The best TV show of the year? Definitely so far…Michaela Coel’s I May Destroy You is just superb
“Just look in the mirror, you know what I mean? It’s really uncomfortable and unnerving for everyone”
Has ‘the grey area’ ever seemed so interesting? Probing into the complexities of real life and fully embracing the fact that there are rarely ever any simple answers, Michaela Coel’s I May Destroy You has felt like a real breath of bracingly fresh air.
Sexual consent for straights and gays, dealing with trauma on a personal and institutional level, the perils of buying into social media hype, portraying the scale of casual sex and drug use whilst acknowledging its inherent pitfalls, examining how we bury memories from both the recent and distant past and that’s just scratching the surface. Continue reading “TV Review: I May Destroy You”
Ahead of the film’s release on 6th March 2020, a new trailer has been released for Military Wives
“You may not need the choir…but those women do”
From the director of The Full Monty, Military Wives is inspired by the true-life story of the choirmaster Gareth Malone, who took a group of military wives under his wing, when he was working on the hit BBC show The Choir. It looks set to be a proper good Brit-flick, one to weep at at the cinema and being inspired by, at least until you get home (I never have quite managed to get around to joining a choir…). It hits the big screen in March 2020.
Military Wives stars Oscar Nominee Kristin Scott Thomas (Darkest Hour) and BAFTA Nominee Sharon Horgan (Catastrophe) who work with military wives, to form the very first military wives choir, using the camaraderie they find in singing together, to face some of life’s most difficult moments as they attempt to carry on without their loved ones.
“I’m mad as hell, and I’m not going to take this anymore”
With Network, Lee Hall’s adaptation of Paddy Chayefsky’s 1976 film, Ivo van Hove re-asserts his place as one of the premier theatremakers working, anywhere. A satire that managed to predict just how powerful a tool populist anger can be when leveraged effectively, it is transformed into the immersive bustle of a TV studio, that of UBS Evening News where old hack Howard Beale – a transcendent performance by Bryan Cranston – has been handed his notice. Though initially appearing to accept it with good grace, he causes an almighty media stir when he declares, on air, that he’s going to kill himself, triggering a most unlikely rebirth as a truth-spilling ‘prophet’.
And as ever, van Hove and designer Jan Versweyveld challenge our notions of theatrical space and how it is used. An onstage restaurant puts (some) audience members right in the thick of the action, the fourth wall gets well and truly shattered, and the use of live video and big screens forces us into the role of active observers – as Beale goes live on air, do you watch Cranston himself, do you watch him onscreen, do you watch the team observing him from the producers’ box…the multiplicity of perspectives reminds us how easy it is to manipulate media, how there can always be other sides to the story. Continue reading “Review: Network, National Theatre”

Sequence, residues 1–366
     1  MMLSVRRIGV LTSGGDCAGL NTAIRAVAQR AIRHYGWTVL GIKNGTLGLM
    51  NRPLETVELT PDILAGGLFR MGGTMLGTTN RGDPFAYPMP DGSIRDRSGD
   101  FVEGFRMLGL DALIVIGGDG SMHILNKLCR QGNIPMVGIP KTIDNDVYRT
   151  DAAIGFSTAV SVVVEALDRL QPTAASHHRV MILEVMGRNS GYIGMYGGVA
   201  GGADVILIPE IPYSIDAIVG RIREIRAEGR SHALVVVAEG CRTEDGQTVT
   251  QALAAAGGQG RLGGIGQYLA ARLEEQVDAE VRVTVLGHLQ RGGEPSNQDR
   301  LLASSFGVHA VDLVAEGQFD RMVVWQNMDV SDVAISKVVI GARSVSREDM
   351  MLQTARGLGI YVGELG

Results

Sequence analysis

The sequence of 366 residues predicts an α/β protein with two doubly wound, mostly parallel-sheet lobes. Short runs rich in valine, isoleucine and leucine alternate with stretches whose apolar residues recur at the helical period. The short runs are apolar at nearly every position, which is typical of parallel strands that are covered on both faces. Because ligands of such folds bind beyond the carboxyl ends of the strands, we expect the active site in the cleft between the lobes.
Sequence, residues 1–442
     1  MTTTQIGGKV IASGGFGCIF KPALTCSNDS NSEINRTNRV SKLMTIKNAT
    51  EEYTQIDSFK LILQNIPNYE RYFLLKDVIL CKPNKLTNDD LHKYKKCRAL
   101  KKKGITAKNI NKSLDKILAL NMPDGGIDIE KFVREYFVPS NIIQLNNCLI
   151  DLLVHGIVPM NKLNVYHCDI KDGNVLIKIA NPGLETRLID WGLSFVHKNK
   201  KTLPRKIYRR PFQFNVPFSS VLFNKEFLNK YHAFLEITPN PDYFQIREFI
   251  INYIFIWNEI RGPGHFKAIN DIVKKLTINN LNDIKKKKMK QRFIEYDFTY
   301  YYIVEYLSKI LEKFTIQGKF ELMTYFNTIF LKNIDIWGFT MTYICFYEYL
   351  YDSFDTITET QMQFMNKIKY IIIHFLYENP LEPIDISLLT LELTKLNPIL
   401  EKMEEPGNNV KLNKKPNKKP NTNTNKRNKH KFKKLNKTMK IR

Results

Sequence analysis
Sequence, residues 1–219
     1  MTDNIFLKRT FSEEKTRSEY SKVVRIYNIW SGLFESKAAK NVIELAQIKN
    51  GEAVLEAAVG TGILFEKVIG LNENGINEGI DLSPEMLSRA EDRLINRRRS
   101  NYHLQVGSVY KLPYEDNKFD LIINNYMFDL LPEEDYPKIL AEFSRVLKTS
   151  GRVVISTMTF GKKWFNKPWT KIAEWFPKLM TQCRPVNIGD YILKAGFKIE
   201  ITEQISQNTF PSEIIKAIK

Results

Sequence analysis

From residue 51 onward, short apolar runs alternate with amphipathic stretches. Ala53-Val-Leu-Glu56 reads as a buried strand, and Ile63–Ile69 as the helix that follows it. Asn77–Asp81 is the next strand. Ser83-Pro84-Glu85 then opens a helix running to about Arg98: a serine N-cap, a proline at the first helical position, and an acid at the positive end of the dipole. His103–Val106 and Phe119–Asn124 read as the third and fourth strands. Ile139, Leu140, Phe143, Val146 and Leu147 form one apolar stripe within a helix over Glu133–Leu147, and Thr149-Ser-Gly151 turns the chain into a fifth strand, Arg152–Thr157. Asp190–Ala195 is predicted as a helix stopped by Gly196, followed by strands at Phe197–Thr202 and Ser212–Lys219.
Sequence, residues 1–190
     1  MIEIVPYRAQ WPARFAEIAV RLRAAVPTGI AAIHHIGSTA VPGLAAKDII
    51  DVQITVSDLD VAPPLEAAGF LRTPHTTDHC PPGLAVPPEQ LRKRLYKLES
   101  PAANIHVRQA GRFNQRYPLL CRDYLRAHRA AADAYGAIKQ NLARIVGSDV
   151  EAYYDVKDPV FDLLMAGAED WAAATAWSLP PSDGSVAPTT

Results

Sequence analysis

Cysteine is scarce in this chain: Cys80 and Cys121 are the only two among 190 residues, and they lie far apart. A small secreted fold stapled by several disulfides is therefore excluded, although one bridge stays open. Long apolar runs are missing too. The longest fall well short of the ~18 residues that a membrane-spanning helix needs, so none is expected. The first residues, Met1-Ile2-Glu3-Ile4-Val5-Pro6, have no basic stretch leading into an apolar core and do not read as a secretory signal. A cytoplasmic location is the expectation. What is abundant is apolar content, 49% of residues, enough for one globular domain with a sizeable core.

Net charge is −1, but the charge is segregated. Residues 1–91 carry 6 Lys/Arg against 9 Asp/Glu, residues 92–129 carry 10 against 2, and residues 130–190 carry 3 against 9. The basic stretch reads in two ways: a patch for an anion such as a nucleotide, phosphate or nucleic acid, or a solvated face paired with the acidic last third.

A fascinating experiment from James Graham and Josie Rourke, The Vote was a “play for theatre and television” which after two weeks of performances at the Donmar Warehouse – for which you had to enter a ballot for tickets – aired live on More4 at the very moment that it was set, the night of the UK general election. I wasn’t one of the lucky few in the ballot and am rarely inclined to dayseat (though I know several people who managed it) so I’ve only just got around to catching up with it on All4 (formerly 4OD) where it is on for another couple of weeks.
I’m glad I did get to see it as it is very funny and pulled together an extraordinary cast, the vast majority of whom spend mere moments onstage. Graham’s play focuses on the trials and tribulations of a South London polling station in the 90 minutes before voting closes and though there’s a farcical plot that holds the play together in the larger sense, the real joy comes in the microstories of the various voters who come in to exercise their democratic right as best they see fit. Drunks losing their polling cards, giddy lesbians brandishing selfie sticks, teenagers asking Siri who to vote for, all amusing slices of life are represented by a stellar cast who seem to be having just as much as the audience. Continue reading “TV Review: The Vote, Donmar Warehouse via All4”
The intentions behind Making Productions’ triple-bill Shutters are certainly well-placed – bringing together 3 short American plays looking at female experience over the last 100 years and using a six-strong female ensemble to cover all roles whether male or female – but in the end, the choice of plays lets them down somewhat. Philip Dawkins’ Cast of Characters is a self-indulgent piece of playwrighting buffoonery which focuses on the production notes for an imagined play of family drama but achieves little. And Brooke Allen’s The Deer tested my patience with its pseudo-tragedy.
Both those plays are contemporary and sure enough, the one that worked best was the 1916 Trifles by award-winning Susan Glaspell. Here the murder of a farmer has taken place and his wife jailed on suspicion thereof but whilst the sheriff and his mates blunder about the property trying to find the answers, the two women left alone in the kitchen (where they belong…) get far closer to the truth. This is by far the most intriguing piece of writing but also of direction, Thorpe Baker introducing a neatly spooky trick to create a thrilling and engrossing atmosphere. One out of three isn’t good enough though.